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Flying bears – Molecular genetics provides evidence for an unusual dispersal mode

25.02.2014
A genetic study of brown bears in Bulgarian mountain regions provided evidence for the existence of individuals of Carpathian origin. How did they get there? Natural dispersal is unlikely. Rather, the bears were brought in by air transport. Along with cooperation partners of Bulgarian and Romanian NGOs and the Frankfurt Zoological Society Scientists of the Senckenberg Conservation Genetics Section in Frankfurt, Germany have confirmed the legend that the former leader of the Romanian Communist Party, Nicolae Ceausescu once sent the bears to Bulgaria. The study has now been published in the journal Conservation Genetics.

The brown bear (Ursus arctos) is considered an endangered species across Europe. While the species is largely extinct in the western part of the continent, larger populations have persisted in the eastern part, including Russia, the Carpathians and the Balkan Peninsula.


Brown bear in Kormisosh enclosure

© Aleksandar Dutsov, Balkani Wildlife Society


Brown bear in Kormisosh enclosure

© Aleksandar Dutsov, Balkani Wildlife Society

“Unfortunately, we lack considerable knowledge about these few remaining viable bear populations, including basic data such as population size and connectivity“, says Dr. Carsten Nowak, wildlife geneticist at Senckenberg. In order to change this unsatisfying situation, leading bear experts from the Balkani Research Society sampled more than 200 scat, hair and tissue samples of the species across Bulgarian bear habitats. Individual DNA profiles generated at the DNA laboratories of Senckenberg and the LOEWE Biodiversity and Climate Research Centre in Frankfurt (BiK-F) finally provided hard data on the population status in the country. During the analysis, however, PhD student Christiane Frosch revealed an unusual pattern: several individual profiles collected in three regions in the main mountain regions of the country, the Stara Planina Mountains and the Rhodopes, differed considerably from all the other bear profiles. Where did these bears come from and how did they get there?

The scientists finally found the place of origin of these „scientific problem bears“: Samples from the Carpathian mountains in Romania provided from bear conservationists of the local Milvus Group perfectly matched the unusual Bulgarian DNA profiles.These regions, however, lie several hundred kilometers apart from each other and the generally high genetic difference between the populations does not suggest high rates of exchange.

Although bears are good long-distance dispersers and could theoretically make it from Romania to Bulgaria by themselves, the scientists were skeptic. „We cannot exclude the possibility of natural migration, but geographic locations of the revealed samples and several other patterns make this scenario unlikely“, says Nowak.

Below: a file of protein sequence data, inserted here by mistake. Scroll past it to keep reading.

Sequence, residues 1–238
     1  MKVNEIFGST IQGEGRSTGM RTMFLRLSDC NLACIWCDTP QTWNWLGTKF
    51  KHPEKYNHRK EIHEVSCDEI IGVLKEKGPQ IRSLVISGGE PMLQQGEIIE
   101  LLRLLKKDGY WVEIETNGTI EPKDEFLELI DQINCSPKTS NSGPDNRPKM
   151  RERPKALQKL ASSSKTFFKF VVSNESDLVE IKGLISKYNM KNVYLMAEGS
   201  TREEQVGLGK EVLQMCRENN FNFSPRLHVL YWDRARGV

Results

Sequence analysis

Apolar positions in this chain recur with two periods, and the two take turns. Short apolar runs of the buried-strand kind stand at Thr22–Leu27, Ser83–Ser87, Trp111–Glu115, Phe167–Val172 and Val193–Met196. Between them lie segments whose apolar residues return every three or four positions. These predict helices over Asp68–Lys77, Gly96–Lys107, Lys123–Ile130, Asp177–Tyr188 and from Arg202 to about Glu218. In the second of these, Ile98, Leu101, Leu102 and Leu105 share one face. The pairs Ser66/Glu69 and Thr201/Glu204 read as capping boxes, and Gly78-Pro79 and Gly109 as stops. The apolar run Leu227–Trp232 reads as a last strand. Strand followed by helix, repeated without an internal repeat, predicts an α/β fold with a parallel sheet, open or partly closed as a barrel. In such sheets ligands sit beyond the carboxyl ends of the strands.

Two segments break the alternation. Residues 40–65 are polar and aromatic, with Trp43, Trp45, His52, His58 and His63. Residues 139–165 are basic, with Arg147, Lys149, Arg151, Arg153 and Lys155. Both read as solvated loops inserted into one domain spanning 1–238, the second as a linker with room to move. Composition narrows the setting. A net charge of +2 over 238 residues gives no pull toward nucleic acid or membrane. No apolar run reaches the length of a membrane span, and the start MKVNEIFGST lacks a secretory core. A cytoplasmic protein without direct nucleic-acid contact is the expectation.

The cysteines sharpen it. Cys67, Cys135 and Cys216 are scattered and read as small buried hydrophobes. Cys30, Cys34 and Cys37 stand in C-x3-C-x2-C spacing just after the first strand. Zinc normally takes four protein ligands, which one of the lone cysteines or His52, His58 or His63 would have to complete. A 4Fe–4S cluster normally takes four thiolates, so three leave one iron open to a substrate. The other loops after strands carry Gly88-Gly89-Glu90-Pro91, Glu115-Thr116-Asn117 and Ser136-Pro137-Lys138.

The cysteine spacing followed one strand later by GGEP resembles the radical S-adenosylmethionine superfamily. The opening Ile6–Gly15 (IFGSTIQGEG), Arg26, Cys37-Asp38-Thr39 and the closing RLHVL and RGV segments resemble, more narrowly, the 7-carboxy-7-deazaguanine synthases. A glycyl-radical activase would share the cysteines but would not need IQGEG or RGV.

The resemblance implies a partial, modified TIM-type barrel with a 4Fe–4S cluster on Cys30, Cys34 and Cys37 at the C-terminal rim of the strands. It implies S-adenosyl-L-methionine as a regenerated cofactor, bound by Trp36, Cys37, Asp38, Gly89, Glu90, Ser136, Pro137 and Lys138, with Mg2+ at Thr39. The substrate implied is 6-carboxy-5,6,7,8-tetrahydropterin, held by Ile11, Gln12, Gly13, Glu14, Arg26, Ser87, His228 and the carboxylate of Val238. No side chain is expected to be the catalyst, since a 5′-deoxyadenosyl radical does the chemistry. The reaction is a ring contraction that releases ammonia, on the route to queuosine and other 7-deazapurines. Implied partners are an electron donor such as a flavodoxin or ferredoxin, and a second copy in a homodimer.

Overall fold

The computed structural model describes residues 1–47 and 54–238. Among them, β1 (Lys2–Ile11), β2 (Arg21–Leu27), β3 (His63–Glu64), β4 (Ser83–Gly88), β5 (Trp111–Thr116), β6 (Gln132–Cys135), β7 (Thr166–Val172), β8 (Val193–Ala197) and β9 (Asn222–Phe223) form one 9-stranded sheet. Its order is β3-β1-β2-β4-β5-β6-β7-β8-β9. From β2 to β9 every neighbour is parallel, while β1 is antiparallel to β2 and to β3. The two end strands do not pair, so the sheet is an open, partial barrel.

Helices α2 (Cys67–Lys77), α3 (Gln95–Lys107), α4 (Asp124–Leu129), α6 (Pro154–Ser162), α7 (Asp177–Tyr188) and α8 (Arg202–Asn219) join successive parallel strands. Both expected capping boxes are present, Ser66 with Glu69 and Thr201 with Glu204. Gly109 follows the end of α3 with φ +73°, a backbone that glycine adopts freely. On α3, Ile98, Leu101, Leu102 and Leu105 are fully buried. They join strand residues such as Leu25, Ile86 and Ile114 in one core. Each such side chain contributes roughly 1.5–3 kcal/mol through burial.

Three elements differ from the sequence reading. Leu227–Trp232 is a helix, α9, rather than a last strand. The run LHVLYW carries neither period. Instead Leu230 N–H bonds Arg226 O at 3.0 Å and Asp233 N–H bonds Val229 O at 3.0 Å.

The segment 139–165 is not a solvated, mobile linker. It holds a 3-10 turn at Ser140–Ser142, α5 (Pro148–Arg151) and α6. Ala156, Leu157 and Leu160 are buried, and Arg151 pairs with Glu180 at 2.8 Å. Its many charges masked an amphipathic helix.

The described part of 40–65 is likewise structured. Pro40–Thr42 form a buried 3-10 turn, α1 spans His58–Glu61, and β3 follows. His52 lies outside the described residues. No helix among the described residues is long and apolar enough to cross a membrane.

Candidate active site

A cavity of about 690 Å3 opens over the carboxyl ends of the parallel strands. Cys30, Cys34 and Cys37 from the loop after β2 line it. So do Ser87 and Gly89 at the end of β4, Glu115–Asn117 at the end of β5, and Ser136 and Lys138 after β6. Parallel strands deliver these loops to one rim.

Bear Hunting – a Dictator’s Hobby?

Intensive investigation and regional study finally brought a more reasonable explanation: during the era of socialism some Eastern European heads of government were passionate bear hunters. It is reported that the Romanian dictator, Nicolae Ceausescu (1918-1989), shot more than 1000 bears in his lifetime. The constant success of his bear hunting activities was guaranteed by numerous assistant hunters and game wardens, and by activities that targeted the boosting of the Romanian bear population, including raising bears in captivity.

Some of these bears were used for improving relationships with allied rulers. In Romania and Bulgaria people report that the large Carpathian bears were brought to Bulgarian enclosures be military planes and released in order to spice up the less impressive local bear population. Indeed, at least one of the places where translocated bears where kept, the Kormisosh enclosure in the Rhodopes, does still exist (see photo), as local investigations revealed. Indeed, several of the “alien” bear genotypes were found in the vicinity of this enclosure. 

More than two decades after the breakdown of socialism in Eastern Europe researchers from Germany, Bulgaria and Romania confirm a curious legend: aerial dispersal is not restricted to plants, insects, spiders, or birds. Occasionally, this might also involve bears, the heaviest land predators on earth. 

It should be noted that despite of intensive investigation, the researchers found no written documents about the case. Their study, now online in the journal “Conservation Genetics” is the first written document to certify it.

Publication

Nowak, C.; Domokos, C.; Dustov, A.; Frosch, C.: Molecular evidence for historic long-distance translocations of brown bears in the Balkan region; 2014, Conservation Genetics.
dx.doi.org/10.1007/s10592-014-0570-7

Contact

Dr. Carsten Nowak
Conservation Genetics Section
Senckenberg Field station Gelnhausen
Tel +49 (0) 6051-61954-3122
carsten.nowak@senckenberg.de

Press Office

Senckenberg Gesellschaft für Naturforschung
Regina Bartel
Tel. +49 (0) 69- 7542 1434
regina.bartel@senckenberg.de

Weitere Informationen:

http://www.senckenberg.de/presse

Dr. Sören Dürr | Senckenberg

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